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Was Election 2010 about the tea party or Nancy Pelosi?

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Rick Wilking/Reuters

(Read caption) Republican Senate candidate from Nevada and tea party favorite Sharron Angle failed to beat the vulnerable Senate majority leader Harry Reid. Would a non-tea party candidate have done better, or was Reid less of a target than House Speaker Nancy Pelosi?

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The idea of putting largely untested outsider candidates up against even embattled incumbents like Senate majority leader Harry Reid backfired on the tea party Tuesday, potentially costing the Republicans control of the Senate.

With tea party champions Christine O'Donnell in Delaware and Sharron Angle in Nevada both losing their races and Ken Buck in a race still too close to call in Colorado, the Senate remained out of Republican control even as the Democrats faced historic economic headwinds and an angry and dissatisfied public.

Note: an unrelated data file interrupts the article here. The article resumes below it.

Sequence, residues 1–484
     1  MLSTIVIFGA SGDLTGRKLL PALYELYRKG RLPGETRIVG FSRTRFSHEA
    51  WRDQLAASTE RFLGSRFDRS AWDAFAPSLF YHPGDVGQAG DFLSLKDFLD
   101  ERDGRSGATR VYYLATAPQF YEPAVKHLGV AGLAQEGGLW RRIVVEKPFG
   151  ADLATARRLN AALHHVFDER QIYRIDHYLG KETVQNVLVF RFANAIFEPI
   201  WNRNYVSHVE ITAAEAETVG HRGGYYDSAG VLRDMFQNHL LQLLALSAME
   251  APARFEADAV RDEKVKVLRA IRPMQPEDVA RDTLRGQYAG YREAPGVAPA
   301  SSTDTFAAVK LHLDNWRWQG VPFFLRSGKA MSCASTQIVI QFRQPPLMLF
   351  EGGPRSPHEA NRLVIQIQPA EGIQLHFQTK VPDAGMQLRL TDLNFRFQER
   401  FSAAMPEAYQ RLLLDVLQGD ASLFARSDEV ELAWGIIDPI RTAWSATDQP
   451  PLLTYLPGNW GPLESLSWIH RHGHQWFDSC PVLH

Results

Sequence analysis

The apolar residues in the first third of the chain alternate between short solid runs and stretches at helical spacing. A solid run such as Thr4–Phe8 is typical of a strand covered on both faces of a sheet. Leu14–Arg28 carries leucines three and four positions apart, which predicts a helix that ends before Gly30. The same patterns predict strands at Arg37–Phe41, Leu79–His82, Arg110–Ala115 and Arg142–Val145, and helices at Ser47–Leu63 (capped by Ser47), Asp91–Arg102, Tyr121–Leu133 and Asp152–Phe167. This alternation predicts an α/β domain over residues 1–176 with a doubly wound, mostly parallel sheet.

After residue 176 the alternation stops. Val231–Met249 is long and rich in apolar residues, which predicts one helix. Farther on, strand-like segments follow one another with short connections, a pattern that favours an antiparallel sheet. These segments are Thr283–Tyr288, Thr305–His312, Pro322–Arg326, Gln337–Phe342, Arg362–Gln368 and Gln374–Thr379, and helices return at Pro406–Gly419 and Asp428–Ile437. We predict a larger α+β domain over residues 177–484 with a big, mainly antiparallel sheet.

To be sure, Republican gains in the Senate – even if short of a takeover – were impressive. Republicans look assured of picking up at least six seats – to 47 – and perhaps seven if Mr. Buck can win his race.

But the failure of Ms. O'Donnell and Ms. Angle – in races that, according to polls, mainstream Republican candidates might have won easily – showed Republicans both the benefits and drawbacks of aligning itself closely with the anti-tax, anti-spending tea party movement.


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